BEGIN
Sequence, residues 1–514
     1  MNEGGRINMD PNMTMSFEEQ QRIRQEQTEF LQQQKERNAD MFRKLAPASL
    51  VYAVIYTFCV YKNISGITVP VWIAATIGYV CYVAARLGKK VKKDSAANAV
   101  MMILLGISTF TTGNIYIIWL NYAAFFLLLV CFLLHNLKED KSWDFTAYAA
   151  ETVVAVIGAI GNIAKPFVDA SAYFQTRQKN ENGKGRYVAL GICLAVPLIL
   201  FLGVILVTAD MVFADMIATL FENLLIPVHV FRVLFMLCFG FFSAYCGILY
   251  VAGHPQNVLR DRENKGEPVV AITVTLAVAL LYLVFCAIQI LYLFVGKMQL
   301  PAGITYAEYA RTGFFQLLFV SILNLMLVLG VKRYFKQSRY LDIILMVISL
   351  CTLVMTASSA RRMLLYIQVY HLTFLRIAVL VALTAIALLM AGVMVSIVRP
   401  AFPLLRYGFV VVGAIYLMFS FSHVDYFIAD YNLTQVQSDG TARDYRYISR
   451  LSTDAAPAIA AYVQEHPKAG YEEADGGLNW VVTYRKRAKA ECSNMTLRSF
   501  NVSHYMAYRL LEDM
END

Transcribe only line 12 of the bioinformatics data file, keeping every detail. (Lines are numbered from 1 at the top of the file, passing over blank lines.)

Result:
   501  NVSHYMAYRL LEDM